More than 870 organisations, with a combined market capital of $9.2 trillion and financial institutions responsible for $118 trillion in assets have already adopted the Climate-related Financial Disclosures framework for identifying, measuring and managing climate risks. The WEF proposes that businesses adopt a similar framework for addressing nature-related risk, though it remains to be seen to what extent this will translate into sustainable and equitable practice. Some recent developments might signal the beginning of transformative change needed: the UK government’s post-Brexit agricultural policy will reward farmers for enhancing ecosystem services such as soil restoration. Also, the tech giant Microsoft has pledged to be carbon-negative by 2030. Whilst this is good news, we must ensure that these commitments are met using methods that are based on sound biodiversity science and recognise the real risks that already-marginalised people, including those living in poverty, will shoulder the burden of transformation.


Global risks WEF perception survey

A major concern is companies using carbon offsetting through tree planting to give themselves a greener public image. Such schemes distract attention from the need to reduce greenhouse gas emissions, primarily through drastic cuts in fossil fuel use. Planting trees can sequester carbon, benefit biodiversity, and provide manifold ecosystem services such as improved water security and reduced soil erosion. However, these benefits are only realised if we protect and restore diverse native ecosystems rather than planting monocultures that lack resilience to drought and disease, and are inferior long-term carbon stores. We must cherish and restore a diverse set of ecosystems to reap the most benefit for people and nature.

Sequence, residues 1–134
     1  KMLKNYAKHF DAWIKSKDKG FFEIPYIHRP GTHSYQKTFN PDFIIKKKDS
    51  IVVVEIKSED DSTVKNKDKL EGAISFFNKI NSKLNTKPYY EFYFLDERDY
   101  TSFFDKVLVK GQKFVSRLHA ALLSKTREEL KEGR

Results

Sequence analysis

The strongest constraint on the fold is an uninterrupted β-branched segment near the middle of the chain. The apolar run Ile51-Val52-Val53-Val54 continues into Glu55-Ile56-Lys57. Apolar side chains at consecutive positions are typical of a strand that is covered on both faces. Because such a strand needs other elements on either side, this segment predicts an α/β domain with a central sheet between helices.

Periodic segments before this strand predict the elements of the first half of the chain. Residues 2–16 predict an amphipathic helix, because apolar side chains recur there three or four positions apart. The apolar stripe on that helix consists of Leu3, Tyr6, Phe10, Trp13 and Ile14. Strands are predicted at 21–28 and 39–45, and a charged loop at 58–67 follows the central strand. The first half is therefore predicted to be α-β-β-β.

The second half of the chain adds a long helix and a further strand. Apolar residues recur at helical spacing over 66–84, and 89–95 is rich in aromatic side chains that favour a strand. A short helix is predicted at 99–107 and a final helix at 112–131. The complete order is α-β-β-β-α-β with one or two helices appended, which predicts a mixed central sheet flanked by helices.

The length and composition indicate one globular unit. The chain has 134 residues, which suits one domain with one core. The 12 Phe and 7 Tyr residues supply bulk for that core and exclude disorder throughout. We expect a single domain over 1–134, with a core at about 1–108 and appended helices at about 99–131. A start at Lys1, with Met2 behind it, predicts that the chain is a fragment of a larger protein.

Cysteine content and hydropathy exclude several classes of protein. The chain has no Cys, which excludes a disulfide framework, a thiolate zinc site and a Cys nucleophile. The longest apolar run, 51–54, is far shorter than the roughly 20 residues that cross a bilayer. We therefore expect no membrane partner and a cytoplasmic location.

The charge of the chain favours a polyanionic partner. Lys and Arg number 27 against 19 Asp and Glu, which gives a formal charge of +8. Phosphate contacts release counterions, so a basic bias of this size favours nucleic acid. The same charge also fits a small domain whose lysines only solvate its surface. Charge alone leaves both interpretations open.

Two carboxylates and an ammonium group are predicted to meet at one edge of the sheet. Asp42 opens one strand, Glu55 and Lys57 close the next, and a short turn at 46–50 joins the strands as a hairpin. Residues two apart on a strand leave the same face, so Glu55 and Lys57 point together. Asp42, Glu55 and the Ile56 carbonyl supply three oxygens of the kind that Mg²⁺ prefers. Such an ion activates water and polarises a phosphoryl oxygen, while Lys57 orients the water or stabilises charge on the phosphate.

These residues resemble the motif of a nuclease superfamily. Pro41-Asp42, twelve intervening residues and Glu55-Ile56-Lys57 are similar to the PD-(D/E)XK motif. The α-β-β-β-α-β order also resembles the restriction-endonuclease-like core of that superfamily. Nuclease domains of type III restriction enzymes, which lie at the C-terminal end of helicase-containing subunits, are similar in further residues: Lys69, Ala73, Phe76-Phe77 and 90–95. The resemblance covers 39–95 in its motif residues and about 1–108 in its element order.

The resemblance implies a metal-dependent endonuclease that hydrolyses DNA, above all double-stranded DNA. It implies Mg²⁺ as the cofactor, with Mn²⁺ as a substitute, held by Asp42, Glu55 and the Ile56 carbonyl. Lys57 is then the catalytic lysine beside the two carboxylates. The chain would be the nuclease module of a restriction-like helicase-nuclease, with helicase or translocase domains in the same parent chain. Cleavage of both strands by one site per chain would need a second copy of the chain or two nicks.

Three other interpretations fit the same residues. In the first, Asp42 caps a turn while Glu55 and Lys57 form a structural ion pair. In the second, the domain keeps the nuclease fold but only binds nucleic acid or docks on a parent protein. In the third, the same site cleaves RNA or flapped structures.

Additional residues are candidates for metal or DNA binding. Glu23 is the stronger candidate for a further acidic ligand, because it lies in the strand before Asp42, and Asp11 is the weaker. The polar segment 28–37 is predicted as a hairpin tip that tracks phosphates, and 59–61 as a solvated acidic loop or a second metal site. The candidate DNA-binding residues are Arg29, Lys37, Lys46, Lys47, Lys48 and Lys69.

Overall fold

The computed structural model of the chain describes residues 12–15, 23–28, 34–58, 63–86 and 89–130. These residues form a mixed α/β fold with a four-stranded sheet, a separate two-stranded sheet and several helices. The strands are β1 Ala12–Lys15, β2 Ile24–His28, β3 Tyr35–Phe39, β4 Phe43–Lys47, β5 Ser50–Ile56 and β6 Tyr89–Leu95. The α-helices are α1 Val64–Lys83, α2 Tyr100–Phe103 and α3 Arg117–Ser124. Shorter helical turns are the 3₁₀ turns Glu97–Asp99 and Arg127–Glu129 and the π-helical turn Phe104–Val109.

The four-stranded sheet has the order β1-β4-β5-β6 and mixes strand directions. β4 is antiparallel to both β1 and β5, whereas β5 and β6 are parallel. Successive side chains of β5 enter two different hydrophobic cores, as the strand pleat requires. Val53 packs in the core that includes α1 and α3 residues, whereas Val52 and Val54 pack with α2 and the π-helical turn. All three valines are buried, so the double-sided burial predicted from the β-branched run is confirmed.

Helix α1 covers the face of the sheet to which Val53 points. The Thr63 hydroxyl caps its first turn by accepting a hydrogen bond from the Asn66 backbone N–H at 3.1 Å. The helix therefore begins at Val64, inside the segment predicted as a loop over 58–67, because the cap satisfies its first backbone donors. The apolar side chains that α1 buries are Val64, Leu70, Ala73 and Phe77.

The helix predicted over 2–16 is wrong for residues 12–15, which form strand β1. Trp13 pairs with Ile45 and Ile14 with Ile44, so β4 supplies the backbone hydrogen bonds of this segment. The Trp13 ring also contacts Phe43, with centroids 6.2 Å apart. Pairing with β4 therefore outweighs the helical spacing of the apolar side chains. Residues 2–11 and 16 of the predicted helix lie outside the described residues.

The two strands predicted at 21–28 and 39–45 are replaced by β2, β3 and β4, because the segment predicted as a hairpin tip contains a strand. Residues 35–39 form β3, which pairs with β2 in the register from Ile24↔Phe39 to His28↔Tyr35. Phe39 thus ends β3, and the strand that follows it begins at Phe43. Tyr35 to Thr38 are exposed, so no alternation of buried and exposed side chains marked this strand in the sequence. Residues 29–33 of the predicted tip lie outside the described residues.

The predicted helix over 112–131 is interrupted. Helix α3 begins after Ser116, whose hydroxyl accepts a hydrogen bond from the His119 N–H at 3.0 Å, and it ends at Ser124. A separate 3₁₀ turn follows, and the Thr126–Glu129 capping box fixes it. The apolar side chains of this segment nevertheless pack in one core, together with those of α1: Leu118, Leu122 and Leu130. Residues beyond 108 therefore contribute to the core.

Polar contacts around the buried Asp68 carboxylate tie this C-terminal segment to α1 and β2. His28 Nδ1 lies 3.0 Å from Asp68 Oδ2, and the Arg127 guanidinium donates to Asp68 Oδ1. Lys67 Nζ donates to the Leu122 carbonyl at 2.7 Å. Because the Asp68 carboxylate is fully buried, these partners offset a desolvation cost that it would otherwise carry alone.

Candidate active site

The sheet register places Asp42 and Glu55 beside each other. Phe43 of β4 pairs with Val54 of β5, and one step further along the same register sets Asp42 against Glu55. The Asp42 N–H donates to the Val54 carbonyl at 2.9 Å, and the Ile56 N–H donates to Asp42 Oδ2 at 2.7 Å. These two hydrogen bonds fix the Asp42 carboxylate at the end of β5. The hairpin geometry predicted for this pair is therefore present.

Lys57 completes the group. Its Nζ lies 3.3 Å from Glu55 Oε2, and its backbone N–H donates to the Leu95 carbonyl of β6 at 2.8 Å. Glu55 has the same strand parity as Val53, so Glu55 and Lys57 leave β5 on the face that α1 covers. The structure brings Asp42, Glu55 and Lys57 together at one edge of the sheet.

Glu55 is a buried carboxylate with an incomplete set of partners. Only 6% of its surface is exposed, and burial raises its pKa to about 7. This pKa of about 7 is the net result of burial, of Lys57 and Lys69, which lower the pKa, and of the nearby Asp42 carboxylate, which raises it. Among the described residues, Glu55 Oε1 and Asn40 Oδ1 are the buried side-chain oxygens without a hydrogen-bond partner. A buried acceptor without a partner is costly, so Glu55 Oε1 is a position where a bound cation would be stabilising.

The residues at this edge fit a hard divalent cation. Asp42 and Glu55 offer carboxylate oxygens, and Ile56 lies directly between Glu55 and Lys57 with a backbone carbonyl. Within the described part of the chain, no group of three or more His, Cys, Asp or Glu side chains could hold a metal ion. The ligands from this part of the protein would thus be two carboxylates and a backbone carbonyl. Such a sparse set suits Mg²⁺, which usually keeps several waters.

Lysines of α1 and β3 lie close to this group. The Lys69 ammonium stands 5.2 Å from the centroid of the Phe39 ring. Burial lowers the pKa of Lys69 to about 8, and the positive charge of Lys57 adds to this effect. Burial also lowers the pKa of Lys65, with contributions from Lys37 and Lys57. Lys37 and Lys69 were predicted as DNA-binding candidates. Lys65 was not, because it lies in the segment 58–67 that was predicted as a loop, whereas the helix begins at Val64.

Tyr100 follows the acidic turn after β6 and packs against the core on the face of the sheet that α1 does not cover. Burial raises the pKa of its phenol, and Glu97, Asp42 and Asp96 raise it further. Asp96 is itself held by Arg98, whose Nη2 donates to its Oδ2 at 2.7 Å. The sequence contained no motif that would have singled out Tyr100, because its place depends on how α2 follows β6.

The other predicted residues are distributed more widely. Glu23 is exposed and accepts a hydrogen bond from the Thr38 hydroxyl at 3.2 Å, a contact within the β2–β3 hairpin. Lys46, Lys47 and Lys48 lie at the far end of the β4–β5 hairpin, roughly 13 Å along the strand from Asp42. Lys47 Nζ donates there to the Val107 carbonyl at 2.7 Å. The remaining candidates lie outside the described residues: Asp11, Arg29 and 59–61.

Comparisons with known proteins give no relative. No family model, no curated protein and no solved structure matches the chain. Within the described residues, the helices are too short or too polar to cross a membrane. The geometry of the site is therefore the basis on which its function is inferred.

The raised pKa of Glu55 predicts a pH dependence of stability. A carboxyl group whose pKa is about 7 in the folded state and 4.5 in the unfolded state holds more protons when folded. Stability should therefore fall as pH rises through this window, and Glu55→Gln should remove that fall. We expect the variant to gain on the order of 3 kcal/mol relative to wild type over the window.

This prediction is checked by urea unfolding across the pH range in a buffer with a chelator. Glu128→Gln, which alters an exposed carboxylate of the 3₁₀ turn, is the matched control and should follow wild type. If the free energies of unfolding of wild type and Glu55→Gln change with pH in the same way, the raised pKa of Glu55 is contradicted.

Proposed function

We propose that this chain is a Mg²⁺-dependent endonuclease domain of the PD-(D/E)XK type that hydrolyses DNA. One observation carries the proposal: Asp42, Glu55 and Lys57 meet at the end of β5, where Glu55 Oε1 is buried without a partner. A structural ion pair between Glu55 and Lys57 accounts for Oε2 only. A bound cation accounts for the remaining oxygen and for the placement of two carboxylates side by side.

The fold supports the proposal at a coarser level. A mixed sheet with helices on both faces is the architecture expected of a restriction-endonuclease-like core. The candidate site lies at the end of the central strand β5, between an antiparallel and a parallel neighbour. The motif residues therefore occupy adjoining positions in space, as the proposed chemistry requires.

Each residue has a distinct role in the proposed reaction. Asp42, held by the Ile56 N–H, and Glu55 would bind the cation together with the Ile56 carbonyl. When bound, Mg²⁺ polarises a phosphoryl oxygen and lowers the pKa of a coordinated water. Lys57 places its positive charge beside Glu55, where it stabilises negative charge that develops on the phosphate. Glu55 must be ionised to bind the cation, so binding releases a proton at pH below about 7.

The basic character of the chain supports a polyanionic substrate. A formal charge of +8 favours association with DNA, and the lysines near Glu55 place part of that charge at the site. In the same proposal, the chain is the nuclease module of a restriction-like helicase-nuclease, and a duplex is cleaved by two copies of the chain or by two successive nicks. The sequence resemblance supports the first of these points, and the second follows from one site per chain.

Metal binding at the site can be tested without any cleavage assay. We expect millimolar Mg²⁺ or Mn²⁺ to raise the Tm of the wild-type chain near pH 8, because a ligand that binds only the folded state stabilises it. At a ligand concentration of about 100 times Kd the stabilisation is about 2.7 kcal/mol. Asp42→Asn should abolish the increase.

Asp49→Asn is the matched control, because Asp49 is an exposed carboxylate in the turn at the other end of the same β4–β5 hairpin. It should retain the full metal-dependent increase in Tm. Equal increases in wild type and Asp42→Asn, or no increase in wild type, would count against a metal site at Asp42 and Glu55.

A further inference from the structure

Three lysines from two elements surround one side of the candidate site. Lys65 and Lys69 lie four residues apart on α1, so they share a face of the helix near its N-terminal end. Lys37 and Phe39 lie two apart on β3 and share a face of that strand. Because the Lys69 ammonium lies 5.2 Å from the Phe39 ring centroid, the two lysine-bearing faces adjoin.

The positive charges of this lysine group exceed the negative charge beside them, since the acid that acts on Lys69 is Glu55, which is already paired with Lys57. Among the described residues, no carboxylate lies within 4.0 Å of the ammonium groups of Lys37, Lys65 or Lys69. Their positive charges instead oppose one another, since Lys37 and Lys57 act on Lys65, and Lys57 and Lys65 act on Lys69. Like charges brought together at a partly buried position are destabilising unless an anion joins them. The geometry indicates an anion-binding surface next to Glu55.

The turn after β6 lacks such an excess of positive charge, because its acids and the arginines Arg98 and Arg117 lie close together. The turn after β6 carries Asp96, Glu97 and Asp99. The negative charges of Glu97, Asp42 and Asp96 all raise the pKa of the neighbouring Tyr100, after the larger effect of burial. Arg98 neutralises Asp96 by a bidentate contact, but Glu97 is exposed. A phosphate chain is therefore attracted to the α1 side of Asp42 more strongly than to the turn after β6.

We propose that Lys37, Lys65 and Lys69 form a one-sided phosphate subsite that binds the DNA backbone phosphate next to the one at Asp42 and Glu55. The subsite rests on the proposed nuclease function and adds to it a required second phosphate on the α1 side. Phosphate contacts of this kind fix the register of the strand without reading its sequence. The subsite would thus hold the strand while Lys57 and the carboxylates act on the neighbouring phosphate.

Although the message from the WEF is broadly in line with the scientific consensus, recognising that there must be a shift towards long-term sustainability in the business world, it is far from a guarantee that major financial powers will follow their guidance. Norway provides a stark example of the severe shortfall in action to combat climate change and nature loss; despite subsidising electric cars, banning deforestation, and pledging to be carbon neutral by 2030, the nation is the second-biggest oil producer in Europe, generating two million barrels of climate change-accelerating oil each day. 100 companies are responsible for 71% of greenhouse gas emissions emitted since 1988. Whilst informed consumers have a responsibility to reduce their personal emissions by not purchasing from polluting and destructive companies, the majority of the power to reduce global emissions rests in the hands of business and political leaders.

The central placement of nature in the 2020 WEF hints at the hope of turning the tide on climate change and biodiversity loss. However, big business must own up to the huge role they have played in these crises and act accordingly. They must decarbonise their operations, defund deforestation, invest in biodiverse Nature-based Solutions and ensure that, across all their supply chains, they have an overall positive impact on nature and society.

This opinion piece reflects the views of the author, and does not necessarily reflect the position of the Oxford Martin School or the University of Oxford. Any errors or omissions are those of the author.